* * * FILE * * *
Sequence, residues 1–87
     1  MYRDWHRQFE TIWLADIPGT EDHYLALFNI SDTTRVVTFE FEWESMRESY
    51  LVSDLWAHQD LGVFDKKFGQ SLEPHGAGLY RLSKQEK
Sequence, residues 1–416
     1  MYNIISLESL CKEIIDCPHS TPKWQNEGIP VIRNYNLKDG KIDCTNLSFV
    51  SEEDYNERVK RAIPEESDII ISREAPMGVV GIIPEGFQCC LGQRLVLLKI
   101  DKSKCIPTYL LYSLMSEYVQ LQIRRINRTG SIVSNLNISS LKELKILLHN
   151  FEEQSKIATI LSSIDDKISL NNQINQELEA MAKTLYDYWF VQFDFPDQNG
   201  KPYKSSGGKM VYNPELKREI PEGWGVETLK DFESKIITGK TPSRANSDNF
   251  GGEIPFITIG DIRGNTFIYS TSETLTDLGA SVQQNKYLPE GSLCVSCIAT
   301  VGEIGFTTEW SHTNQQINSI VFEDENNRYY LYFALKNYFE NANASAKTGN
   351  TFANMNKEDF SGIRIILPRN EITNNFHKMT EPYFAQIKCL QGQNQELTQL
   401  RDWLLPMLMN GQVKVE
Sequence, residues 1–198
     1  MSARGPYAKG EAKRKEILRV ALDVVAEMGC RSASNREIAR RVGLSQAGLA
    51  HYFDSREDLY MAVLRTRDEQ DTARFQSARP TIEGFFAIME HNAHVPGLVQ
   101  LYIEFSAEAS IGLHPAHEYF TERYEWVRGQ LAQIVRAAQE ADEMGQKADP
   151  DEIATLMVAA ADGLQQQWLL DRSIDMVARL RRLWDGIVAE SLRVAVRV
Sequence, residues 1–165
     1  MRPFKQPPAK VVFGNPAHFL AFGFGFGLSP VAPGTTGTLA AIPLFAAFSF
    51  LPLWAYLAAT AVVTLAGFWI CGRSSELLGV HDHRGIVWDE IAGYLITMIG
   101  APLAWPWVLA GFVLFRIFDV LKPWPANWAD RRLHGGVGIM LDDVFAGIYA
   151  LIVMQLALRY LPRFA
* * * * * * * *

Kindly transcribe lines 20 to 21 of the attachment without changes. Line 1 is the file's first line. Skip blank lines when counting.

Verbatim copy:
     1  MRPFKQPPAK VVFGNPAHFL AFGFGFGLSP VAPGTTGTLA AIPLFAAFSF
    51  LPLWAYLAAT AVVTLAGFWI CGRSSELLGV HDHRGIVWDE IAGYLITMIG